Are Travel Bloggers Journalists?

On December 9th, 2015

About a year ago, I received an email from a woman whose name I didn’t know and cannot now recall. The crux of her dogmatic email was to “inform” me of the true definition of a journalist, and why a travel blogger/writer should not be so presumptuous as to use that title. I replied that I had never used that title, that I considered myself a travel writer. She replied, “Oh, I thought you were one of those who represent themselves as a journalist.”

I hit delete and didn’t give the matter much thought for a couple of years, until my writing style began to evolve. Up to that point, I’d focused on the culture of the destinations I visited, featuring stories about food, language, customs, religion, fashion, architecture, art, music, and dance. The deep, long-lasting friendships I formed with local people often led to frank discussions about the history and politics of a region, and how their lives were influenced by both. It was inevitable that my writing would become more journalistic in nature.

Dalai Lama, at the opening session of the 2010 Kalachakra for World Peace conference in Washington D.C.

Dalai Lama, at the opening session of the 2010 Kalachakra for World Peace conference in Washington D.C.

My first foray into journalistic writing may have been in 2010, when I was invited to be a member of the press corps covering the Dalai Lama, who was in Washington D.C. to bestow the Kalachakra initiation upon 14,000+ followers of Tibetan Buddhism. Since then, I have covered political demonstrations in Nepal, written about Hungary’s ongoing attempt to rewrite their World War II history, about the secret war in Laos that left the country with tons of unexploded ordinance that still kills and maims thousands of people each year. Most recently, I wrote a fairly scathing piece about the woefully inept government tourism agencies in Slovenia.

At the same time, the question of whether travel bloggers/writers are journalists is being more stridently discussed within our industry. My initial detractor insisted that one must have a degree in journalism from an accepted university before using the title, but when I looked up the definition I found no such restriction.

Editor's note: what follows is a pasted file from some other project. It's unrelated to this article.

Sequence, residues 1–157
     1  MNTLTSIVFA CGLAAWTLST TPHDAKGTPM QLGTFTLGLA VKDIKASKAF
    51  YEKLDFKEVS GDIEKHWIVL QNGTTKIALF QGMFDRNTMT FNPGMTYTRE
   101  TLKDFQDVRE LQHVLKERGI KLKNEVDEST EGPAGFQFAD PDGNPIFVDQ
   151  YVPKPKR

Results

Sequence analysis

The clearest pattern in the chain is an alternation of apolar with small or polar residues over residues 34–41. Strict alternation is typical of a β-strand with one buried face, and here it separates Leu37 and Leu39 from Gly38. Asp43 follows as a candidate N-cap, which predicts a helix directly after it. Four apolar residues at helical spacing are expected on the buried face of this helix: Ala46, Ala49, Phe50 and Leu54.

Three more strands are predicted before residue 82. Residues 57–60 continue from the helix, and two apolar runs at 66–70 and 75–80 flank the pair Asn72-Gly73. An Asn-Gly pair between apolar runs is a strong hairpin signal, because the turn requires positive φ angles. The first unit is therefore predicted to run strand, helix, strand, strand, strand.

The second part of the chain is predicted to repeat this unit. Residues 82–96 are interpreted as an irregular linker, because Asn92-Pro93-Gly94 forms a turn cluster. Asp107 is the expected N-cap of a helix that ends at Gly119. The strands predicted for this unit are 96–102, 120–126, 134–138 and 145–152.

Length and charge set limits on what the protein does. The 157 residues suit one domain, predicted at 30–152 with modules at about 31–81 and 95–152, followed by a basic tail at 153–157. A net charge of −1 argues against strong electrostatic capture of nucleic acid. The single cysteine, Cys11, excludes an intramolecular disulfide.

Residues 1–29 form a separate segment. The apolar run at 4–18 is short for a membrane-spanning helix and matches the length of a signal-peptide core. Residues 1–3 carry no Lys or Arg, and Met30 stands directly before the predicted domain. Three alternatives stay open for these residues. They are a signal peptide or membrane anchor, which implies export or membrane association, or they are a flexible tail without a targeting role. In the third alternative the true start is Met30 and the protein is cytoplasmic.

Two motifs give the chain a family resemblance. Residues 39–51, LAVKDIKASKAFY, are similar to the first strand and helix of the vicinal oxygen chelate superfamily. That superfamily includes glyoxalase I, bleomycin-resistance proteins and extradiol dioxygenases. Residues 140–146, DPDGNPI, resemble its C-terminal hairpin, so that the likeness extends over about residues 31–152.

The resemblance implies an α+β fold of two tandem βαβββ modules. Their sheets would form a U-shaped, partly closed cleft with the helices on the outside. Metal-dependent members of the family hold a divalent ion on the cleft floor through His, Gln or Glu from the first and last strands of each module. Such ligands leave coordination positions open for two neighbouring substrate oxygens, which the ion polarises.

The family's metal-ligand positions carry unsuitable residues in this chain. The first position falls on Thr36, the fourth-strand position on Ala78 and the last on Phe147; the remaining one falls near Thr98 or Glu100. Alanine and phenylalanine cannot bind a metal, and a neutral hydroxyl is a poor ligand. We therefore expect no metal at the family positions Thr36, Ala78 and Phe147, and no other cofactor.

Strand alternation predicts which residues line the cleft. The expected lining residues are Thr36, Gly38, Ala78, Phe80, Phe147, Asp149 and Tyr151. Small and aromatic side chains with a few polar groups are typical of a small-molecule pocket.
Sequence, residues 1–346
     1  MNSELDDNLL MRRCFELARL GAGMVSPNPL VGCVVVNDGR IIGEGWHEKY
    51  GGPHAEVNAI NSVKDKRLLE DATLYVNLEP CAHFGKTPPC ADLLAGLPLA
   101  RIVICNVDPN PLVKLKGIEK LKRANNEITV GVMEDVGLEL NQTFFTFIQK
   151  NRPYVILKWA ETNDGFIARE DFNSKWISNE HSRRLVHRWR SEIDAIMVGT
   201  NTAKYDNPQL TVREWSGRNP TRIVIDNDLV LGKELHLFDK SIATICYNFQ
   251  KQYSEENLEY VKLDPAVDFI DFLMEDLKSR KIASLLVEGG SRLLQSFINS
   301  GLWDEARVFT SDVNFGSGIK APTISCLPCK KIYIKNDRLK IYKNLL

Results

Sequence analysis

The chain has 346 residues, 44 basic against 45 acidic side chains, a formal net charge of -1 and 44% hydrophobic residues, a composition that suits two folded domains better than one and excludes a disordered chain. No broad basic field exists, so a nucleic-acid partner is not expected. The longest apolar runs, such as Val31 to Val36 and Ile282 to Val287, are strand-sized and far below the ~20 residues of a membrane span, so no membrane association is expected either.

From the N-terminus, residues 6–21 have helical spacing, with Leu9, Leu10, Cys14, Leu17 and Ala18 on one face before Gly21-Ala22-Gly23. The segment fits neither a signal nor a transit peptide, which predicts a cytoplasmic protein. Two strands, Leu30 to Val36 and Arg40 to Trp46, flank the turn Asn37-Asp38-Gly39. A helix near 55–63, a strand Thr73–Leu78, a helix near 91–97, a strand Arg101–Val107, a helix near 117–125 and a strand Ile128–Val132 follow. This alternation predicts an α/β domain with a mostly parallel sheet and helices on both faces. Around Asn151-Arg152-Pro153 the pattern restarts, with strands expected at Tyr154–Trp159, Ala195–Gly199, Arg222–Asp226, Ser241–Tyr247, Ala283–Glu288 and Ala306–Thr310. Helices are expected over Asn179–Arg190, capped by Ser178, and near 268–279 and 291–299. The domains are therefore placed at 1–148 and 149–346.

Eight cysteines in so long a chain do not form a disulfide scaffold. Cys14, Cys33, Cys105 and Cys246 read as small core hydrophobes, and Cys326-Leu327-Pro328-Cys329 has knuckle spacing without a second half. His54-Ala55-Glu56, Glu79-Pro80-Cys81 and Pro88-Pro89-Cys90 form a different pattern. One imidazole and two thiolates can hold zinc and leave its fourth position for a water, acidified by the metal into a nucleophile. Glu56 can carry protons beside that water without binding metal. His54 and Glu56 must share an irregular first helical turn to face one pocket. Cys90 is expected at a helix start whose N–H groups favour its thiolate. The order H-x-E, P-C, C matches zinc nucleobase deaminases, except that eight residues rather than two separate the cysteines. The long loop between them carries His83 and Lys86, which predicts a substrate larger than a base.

Merriam Webster defines a journalist as:
a :  a person engaged in journalism; especially:  a writer or editor for a news medium
b :  a writer who aims at a mass audience
c:  a person who keeps a journal

Certainly, I qualify in all three cases, especially since I have been published in numerous print magazines, newspapers, and online news sites. But do I meet the criteria set forth by professional associations who represent journalists? The American Press Institute defines journalism as, “the activity of gathering, assessing, creating, and presenting news and information. It is also the product of these activities.” They go on to state that two things separate journalists from the average person.

“The first is motive and intent. The purpose of journalism is to give people the information they need to make better decisions about their lives and society. The second difference is that journalism involves the conscious, systematic, application of a discipline of verification to produce a “functional truth,” as opposed to something that is merely interesting or informative. Yet while the process is critical, it’s the end product – the “story” – by which journalism is ultimately judged.”

Nepali people demonstrate against political strikes that debilitate the country as it tries to promulgate a new constitution

Nepali people demonstrate against political strikes that debilitate the country as it tries to promulgate a new constitution

In this era of round-the-clock news, when everyone has the ability to snap a photo or upload a blog post, defining who is or is not a journalist may be the wrong question. According to the American Press Institute, journalism can be produced by anyone, however “the journalist places the public good above all else and uses certain methods – the foundation of which is a discipline of verification – to gather and assess what he or she finds.”

The Society of Professional Journalists appears to agree. A resolution submitted to and approved by the Excellence in Journalism Conference in Anaheim, CA. on August 26, 2013 states, “the Society believes that journalists should not be defined by the mediums in which they work, the percentage of their incomes derived from journalism work, their education, their employer, or any other specific criteria that would limit their abilities to inform the citizenry.”

While the bulk of my writing is still travel related, what most intrigues me are situations that allow my writing to have a distinctly journalistic bent. And yes, I now consider myself a journalist. Looking back, I always have been.

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When Barbara Weibel realized she felt like the proverbial “hole in the donut” – solid on the outside but empty on the inside – she walked away from corporate life and set out to see the world. Read first-hand accounts of the places she visits and the people she meets on her blog, Hole in the Donut Cultural Travels. Follow her on Facebook or Twitter.


Photo Credit: Rhianon Lassila